Burbank cleans up storm debris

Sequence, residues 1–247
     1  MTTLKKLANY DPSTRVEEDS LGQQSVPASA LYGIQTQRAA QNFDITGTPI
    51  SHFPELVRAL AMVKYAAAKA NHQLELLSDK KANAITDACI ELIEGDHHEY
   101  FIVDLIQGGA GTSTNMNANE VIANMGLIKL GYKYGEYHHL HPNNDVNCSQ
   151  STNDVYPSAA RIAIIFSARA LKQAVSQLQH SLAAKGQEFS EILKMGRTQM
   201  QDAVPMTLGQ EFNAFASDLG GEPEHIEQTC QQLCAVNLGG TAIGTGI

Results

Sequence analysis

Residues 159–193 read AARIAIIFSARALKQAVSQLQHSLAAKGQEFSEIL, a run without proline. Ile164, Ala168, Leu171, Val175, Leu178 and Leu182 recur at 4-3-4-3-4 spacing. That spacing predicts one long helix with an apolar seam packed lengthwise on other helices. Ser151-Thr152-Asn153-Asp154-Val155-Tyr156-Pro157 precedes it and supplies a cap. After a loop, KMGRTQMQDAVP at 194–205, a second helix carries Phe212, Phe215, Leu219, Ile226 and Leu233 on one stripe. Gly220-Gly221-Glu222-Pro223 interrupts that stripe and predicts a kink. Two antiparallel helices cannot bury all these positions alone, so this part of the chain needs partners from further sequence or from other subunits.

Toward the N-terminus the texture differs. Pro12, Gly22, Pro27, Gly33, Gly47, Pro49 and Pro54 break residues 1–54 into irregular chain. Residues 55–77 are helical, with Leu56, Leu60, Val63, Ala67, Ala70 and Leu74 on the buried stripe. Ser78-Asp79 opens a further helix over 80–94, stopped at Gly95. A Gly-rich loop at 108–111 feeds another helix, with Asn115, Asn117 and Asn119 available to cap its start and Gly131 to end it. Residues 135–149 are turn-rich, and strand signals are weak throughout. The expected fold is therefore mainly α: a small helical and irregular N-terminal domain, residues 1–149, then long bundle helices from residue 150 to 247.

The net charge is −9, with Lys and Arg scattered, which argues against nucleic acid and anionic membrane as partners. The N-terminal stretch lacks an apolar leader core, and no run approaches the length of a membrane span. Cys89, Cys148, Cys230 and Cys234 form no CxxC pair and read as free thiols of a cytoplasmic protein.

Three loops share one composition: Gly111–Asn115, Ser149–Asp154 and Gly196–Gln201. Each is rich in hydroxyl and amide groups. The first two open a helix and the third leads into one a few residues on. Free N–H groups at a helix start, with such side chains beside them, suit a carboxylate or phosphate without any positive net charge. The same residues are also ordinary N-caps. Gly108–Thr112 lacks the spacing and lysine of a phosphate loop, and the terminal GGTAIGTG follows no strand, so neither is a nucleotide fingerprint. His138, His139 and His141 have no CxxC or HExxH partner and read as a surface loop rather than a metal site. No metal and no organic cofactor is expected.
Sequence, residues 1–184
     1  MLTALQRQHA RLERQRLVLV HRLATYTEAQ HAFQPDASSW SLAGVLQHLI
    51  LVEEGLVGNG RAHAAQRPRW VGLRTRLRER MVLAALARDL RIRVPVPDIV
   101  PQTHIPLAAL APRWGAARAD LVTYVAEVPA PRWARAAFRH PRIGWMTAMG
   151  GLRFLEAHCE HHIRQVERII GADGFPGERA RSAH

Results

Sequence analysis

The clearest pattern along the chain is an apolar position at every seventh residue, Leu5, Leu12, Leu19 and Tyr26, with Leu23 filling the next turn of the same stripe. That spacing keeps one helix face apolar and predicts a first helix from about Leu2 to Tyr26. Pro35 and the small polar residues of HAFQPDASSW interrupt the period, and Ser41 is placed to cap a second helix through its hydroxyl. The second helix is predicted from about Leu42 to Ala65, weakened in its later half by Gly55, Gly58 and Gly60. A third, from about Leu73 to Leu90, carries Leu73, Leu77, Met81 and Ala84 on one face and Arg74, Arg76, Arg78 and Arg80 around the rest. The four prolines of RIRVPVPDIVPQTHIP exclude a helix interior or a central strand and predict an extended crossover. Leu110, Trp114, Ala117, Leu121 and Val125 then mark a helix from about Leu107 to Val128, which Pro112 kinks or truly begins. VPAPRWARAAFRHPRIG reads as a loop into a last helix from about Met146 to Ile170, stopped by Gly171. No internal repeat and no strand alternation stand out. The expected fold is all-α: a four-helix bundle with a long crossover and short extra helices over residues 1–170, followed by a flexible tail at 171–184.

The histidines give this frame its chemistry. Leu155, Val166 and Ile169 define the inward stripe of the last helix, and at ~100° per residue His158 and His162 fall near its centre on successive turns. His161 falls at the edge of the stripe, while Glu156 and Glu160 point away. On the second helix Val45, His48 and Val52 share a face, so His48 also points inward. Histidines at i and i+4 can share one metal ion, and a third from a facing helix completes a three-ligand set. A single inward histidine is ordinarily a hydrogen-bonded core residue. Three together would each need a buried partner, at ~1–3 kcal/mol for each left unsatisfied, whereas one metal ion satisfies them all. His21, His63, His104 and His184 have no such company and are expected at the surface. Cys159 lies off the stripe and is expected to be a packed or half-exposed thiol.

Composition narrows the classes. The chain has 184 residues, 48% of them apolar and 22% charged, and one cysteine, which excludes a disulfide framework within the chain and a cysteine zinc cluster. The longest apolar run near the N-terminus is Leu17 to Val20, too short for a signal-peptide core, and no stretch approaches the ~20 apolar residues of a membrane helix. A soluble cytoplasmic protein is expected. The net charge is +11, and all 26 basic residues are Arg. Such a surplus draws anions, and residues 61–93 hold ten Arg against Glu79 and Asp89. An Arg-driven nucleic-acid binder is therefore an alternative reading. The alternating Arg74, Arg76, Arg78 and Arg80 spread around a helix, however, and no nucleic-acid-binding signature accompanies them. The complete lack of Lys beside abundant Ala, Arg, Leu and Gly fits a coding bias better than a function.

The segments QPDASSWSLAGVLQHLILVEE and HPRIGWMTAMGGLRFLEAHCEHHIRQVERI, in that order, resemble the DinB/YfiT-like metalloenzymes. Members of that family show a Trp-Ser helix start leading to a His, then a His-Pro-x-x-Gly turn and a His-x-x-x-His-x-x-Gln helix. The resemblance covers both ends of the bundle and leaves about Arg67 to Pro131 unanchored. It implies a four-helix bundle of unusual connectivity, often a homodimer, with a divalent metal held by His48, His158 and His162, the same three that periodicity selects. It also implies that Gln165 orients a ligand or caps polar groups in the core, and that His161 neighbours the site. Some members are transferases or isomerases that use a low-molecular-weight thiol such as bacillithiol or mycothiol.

first_imgBURBANK – Using bulldozers and dump trucks, city workers on Tuesday cleared away mud, muck and rocks that swept down Country Club Drive a day earlier during a powerful thunderstorm. While the flash flood damaged no houses, it tossed around cars and left residents shoveling and hosing mud away from their driveways. “Start sandbagging. Start sandbagging,” said Tim Coggins, 77, a retired aerospace engineer who has lived on the street more than 40 years and has seen previous floods. “If we get rains like we had yesterday, man, it’s going to come down like a herd of turtles.” More than 1.5 inches of rain fell Monday in Burbank, a record for the date, the National Weather Service said. Bill Vick, 88, a 55-year resident, said the mudslide didn’t bother him much. He stuck it out through last month’s wildfires that burned more than 11,000 acres and won’t budge if more rain comes. “We’ve had it so many times before. It’s just routine to me,” said Vick, puffing on a pipe outside his home as a stream of water trickled down the road. “It was a little different than most of the floods, in that there was so much solid debris. It came in big gulches, like it was spit out.” Resident Diana Rios blamed the river of debris on an upstream debris basin that she said had not been cleaned. “Some of the people are very concerned that this could have been totally avoidable because there’s a flood control basin up there that they’re supposed to clean out,” she said. Officials said the debris basins protecting Country Club Drive had been cleaned. The basins were simply overwhelmed by heavy rain dropping onto burned-off hillsides, they said. “The debris basins worked exactly as they were supposed to,” said Bonnie Teaford, Burbank’s Public Works interim director. “They were not overflowing. They were holding back debris and letting water out. That’s what they’re supposed to do.” The city owns four small debris basins elsewhere for which officials are trying to get an environmental permit from the state Department of Fish and Game so they can clean them out, Teaford said. None of those affected Country Club Drive, officials said. Jason Kandel, (818) 546-3306 [email protected] Burbank residents may pick up sandbags at the city Public Works Yard, at 124 S. Lake St. 160Want local news?Sign up for the Localist and stay informed Something went wrong. Please try again.subscribeCongratulations! You’re all set! AD Quality Auto 360p 720p 1080p Top articles1/5READ MOREWalnut’s Malik Khouzam voted Southern California Boys Athlete of the Week On narrow, curvy Country Club Drive, the water ran off Verdugo Mountains hillsides denuded by a brush fire less than three weeks ago. The water shoved a Honda Civic onto a curb and stuffed branches and mud beneath it. Farther up the road a Mercedes-Benz sedan sat halfway into the street. Up to 20 homes were without water for much of Tuesday because a boulder brought down by the flash flood sheared off a fire hydrant, allowing 30,000 gallons of water to drain out of two storage tanks. “A big boulder hit it, broke it off clean,” said Pete Marshall, a water supervisor for Burbank Water and Power. “(Residents) have been roughing it. But they’ll be in service here pretty quick.” Residents had been barred late Monday from driving up or down the road. Officials put in lighted barricades near mud piles and re-opened the road to residents’ vehicles late Tuesday. Coggins said the flash flood was nothing new for his neighborhood because the street functions as a drainage channel in storms. He’s got his backyard sandbagged and in the early 1960s installed a wall between the road and his driveway after a woman died when a flood swept her down the street. last_img

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